This Summer is about to end and it goes with some things that I like about it. Produce, yes, the fresh summer array of produce from our local farmers: zucchini, tomatoes, peppers, herbs, fruits and of course, corn. Juicy, sweet and tender corn is one of my country’s staples used everyday to make corn tortillas and an endless variety of tamales, corn masa, antojitos, atoles, soups and desserts, without forgetting roasted corn with ground piquin pepper, lemon and salt.
This Corn Cake is so easy to make that you won’t believe you didn’t know about it before. Did I mention easy? It is. So, go ahead and get yourself some fresh corn while they are still available and prepare this delightful dessert.
This cake came out mostly like a soufflé than a cake since corn here in the States is juicier than the one we have in Mexico. Next time, I will let the corn dry out a few days on the kitchen counter to get a denser texture. My favorite recipe does not use flour if using Mexican fresh corn. Anyway, this cake was all gone in less than 24 hours.
So, if you are wondering what to do with that fresh corn at the market, here is your chance.
Ingredients for 12 servings
4 eggs, yolks and egg whites separated
½ cup all purpose flour
1 stick of butter (equivalent to 1/2 cup, or 4 ounces, or 113 grams)
¾ cup sugar
1 tsp. of baking powder
6 white corn cobs (about 5 cups of corn kernels)
Preheat oven at 350 (180) degrees. Grease and lightly flour a 13 x 9 x 2-inch baking pan (or two 9 x 1 1/2-inch round pans. Set aside.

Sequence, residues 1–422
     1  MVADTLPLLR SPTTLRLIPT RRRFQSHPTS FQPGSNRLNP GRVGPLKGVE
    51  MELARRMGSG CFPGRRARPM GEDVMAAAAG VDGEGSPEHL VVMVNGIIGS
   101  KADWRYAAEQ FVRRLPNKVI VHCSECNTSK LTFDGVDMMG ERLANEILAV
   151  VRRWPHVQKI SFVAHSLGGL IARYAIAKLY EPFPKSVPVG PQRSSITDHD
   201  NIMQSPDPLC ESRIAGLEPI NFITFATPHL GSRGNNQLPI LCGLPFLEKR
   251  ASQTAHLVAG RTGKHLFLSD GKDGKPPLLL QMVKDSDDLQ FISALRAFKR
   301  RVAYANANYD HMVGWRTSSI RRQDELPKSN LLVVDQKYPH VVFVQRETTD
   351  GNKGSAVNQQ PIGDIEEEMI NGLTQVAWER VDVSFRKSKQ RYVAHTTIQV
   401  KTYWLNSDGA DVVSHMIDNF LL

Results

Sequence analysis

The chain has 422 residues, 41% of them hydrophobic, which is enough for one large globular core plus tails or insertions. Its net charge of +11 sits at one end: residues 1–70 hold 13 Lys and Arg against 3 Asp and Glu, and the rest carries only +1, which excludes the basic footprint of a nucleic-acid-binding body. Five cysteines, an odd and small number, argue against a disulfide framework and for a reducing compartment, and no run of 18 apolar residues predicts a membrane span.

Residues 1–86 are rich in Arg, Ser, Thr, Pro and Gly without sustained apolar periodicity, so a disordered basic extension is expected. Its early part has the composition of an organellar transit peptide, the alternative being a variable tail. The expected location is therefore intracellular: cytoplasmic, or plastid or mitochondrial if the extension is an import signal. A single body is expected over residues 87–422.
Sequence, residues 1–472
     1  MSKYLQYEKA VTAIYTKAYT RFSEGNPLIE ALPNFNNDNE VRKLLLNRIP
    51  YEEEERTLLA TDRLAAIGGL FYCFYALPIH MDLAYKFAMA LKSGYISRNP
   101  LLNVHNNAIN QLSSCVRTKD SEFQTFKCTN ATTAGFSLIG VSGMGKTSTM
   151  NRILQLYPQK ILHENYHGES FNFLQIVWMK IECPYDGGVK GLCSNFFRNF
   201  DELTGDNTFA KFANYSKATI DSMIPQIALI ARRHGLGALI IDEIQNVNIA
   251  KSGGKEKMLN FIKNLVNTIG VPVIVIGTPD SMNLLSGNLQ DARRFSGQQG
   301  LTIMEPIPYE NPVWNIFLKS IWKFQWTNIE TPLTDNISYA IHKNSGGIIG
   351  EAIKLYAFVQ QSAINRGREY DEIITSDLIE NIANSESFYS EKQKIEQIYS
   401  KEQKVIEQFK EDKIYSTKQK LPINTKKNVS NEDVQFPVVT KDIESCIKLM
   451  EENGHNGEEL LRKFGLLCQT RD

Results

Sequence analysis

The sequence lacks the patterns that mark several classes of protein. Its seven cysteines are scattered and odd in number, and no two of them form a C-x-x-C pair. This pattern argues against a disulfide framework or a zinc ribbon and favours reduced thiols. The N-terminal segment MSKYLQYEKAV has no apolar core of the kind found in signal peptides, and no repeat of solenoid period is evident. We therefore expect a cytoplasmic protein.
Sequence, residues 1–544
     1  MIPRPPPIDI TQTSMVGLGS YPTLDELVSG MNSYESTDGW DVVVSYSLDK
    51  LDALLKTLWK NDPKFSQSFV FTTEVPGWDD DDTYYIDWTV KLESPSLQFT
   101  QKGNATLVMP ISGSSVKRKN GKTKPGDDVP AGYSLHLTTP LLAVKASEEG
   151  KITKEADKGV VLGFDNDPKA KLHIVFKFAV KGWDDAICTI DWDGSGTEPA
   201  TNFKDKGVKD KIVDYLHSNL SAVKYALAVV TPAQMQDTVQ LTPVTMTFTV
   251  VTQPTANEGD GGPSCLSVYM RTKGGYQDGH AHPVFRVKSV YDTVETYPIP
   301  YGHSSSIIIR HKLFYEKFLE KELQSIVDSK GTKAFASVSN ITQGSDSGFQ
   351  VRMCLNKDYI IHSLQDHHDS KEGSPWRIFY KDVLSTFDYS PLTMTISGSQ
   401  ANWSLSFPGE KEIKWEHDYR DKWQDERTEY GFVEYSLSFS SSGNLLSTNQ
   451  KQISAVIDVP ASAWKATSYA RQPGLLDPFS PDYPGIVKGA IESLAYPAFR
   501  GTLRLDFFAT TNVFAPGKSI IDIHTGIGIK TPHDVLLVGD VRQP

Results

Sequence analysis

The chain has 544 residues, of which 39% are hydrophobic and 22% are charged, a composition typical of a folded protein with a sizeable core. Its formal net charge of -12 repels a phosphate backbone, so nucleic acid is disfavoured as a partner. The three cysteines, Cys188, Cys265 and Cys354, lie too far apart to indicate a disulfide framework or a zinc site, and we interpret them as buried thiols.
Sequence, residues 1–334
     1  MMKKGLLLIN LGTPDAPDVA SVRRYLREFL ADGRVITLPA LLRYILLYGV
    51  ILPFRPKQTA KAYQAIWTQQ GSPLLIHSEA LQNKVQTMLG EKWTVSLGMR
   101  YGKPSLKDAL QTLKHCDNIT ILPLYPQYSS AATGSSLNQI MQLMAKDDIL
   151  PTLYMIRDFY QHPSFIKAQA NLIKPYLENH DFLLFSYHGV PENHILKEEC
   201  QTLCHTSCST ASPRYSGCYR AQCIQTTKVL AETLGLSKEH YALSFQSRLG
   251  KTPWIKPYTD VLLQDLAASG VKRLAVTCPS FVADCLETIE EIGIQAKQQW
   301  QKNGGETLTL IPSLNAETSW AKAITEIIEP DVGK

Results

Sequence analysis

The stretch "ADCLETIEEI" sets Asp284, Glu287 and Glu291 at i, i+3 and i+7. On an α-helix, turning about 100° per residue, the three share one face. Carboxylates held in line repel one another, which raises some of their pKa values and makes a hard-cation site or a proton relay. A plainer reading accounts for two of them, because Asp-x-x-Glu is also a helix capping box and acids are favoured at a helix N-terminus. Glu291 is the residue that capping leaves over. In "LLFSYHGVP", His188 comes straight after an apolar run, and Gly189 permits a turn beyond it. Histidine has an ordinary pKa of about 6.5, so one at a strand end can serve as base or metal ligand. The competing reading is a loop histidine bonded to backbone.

Remove the husks and the silk from the corn and cut the kernels off as close to the husk as possible without removing any of the husk. You should have about 5 cups of kernels.
Place corn in your blender and mix until you have a creamy chunky texture.
In a mixing bowl cream the butter using and electric hand mixer. Add sugar, egg yolks and continuing beating. Then mix in the corn mixture, baking powder and flour.
In a separate bowl, using a hand mixer, whip the egg whites until glossy and firm. Add 1/4 of the egg whites mixture to the corn batter. Continue to add the whites by thirds, folding very gently.
Pour the mixture into the baking pan.
Bake in the oven for 1 hour or until a wooden pick inserted near center of cake comes out clean, or until cake springs back when touched lightly in the center. It will have a nice golden color when done. In some parts of Mexico it is served with Mexican cream and roasted Poblano peppers strips, but I just like it as a dessert.
PS. If you would like a similar recipe in Spanish visit my friend Nora’s blog Gusta Usted.